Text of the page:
A borrower or a lender… be!


The one thing you can’t beat about good old-fashioned paperback books, is when a friend lends you their copy with the words, “You’ll love this”.  It was actually a neighbour of my sister’s who, having read my debut novel, suggested I read her copy of Ferney by James Long.  A beautifully crafted novel about the everlasting and enduring love of two people who have met before, many times, and attempt to steer their different lives onto the same path.  It’s one of those books that really transports you – Long describes the English countryside with such care, that you almost feel as though you have visited the village of Penselwood.  It’s a slow burner, but all the more charming for that.  And while it’s not strictly time slip, there is enough history in there to please lovers of historical fiction.  It’s a story with a gentle pace that draws you in, however I felt something lacking in the characters.  I can’t quite put my finger on it, but I suppose some novels are less character driven than others.

I love stumbling across books like Ferney, especially when it has been recommended by someone.  So many good books get lost in the crowd, whether it be bad timing or poor marketing.  I find the publishing scene is all about the new release now, with massive campaigns creating hype around certain titles.  It’s a lot like the music industry – people don’t seem to be encouraged to look through the back catalogues or to search for cult classics, quietly biding their time on a dusty library shelf.  That’s why sharing books and sharing recommendations means so much more than being told what to read by the publishing company.

So, being a time slip author myself (my first novel, The Cross Of Santiago is a classic of the genre) I thought I’d create a short-list of my favourite time slip novels, so far…

Outlander (Outlander, #1)

1.  OUTLANDER by Diana Gabaldon

Obvs!  Gabaldon is the queen of time slip and if you haven’t read this novel yet – oh how I envy  you!  You will be whisked away to the Scottish highlands and introduced to the two steamiest (yep, steamy!) characters in historical fiction, Claire & Jamie.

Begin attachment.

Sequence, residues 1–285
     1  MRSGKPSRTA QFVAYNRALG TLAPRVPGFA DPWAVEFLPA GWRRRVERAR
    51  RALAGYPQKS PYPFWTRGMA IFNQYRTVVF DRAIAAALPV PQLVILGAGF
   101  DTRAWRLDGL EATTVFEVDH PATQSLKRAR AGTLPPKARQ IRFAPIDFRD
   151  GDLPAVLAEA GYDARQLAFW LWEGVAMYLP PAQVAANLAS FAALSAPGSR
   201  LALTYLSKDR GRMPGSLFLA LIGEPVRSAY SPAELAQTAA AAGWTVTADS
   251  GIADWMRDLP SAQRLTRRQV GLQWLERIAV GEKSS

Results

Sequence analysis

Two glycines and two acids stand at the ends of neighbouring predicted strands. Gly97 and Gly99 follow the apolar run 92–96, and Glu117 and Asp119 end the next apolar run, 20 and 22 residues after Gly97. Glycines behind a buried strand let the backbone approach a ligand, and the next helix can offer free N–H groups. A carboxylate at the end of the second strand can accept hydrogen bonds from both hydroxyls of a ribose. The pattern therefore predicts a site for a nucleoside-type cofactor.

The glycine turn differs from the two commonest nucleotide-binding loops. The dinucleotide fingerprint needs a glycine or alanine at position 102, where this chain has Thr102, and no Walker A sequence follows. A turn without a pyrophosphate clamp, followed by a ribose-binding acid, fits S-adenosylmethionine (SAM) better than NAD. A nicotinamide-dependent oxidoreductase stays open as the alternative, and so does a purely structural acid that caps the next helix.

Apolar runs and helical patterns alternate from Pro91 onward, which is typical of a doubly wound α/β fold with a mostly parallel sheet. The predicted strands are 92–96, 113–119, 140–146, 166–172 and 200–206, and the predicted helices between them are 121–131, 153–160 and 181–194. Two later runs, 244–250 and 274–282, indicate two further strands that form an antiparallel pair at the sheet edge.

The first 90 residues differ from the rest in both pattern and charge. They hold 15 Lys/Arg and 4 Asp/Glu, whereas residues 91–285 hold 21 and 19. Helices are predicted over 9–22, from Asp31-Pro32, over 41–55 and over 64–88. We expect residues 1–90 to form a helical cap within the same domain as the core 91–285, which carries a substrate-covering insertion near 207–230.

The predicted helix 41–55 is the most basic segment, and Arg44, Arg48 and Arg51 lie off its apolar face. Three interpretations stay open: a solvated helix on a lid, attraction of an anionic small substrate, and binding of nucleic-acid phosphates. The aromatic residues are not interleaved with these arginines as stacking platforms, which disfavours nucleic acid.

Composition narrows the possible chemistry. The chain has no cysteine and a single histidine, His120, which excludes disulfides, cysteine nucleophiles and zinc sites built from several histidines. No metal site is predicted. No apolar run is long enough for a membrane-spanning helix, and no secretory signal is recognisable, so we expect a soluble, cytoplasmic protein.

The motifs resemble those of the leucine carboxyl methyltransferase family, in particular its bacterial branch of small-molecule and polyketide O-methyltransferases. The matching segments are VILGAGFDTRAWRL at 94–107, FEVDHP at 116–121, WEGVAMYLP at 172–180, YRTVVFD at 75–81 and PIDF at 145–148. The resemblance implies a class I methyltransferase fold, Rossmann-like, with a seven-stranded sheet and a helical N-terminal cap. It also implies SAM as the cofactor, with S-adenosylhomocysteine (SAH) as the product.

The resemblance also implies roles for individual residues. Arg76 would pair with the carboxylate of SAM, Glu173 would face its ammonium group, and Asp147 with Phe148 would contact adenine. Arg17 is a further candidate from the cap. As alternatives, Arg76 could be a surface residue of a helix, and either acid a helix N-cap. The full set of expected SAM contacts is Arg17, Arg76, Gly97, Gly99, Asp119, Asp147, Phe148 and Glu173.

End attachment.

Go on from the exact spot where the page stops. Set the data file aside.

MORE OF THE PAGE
The Gargoyle

2.  GARGOYLE by Andrew Davidson

This book isn’t really tagged as a time slip novel, but for me it is.  This book be slippin’ all over the place!  It’s a crazy ride, but well worth the adventure.


Labyrinth (Languedoc, #1)

3.  LABYRINTH by Kate Mosse

Labyrinth was one of the first time slip novels I ever read and I was instantly hooked.  Mosse is obsessed (as am I) with France, so if you enjoy French history, this one is for you.


The House at Riverton


Morton’s debut novel, this book is a must if you are a fan of Downton Abbey.



The Thirteenth Tale

5. THE THIRTEENTH TALE by Diane Setterfield

A wonderfully gothic tale that explores the life of a famous writer and her dark and secret past.  You might want to leave the light on when you go to bed!


Hey I said it was short!  Do you have any favourites you’d like to add to the list?  It’s hard to find a good time slip novel (that’s why I had to write one!).  There is something about the parallel storylines that really intrigue me, both as a reader and a writer and gives time slip an added spark of imagination that, for me, trumps time travel or historical fiction.  Book swapping is a lovely way to discover new genres and writers.  As a borrower, you feel as though you’ve been let in on a secret and as a lender, you feel a sense of ownership over the author and the work and enjoy the pleasure of sharing a new book with your friends.  So I hope my suggestions will whet your appetite for life in the slip lane!


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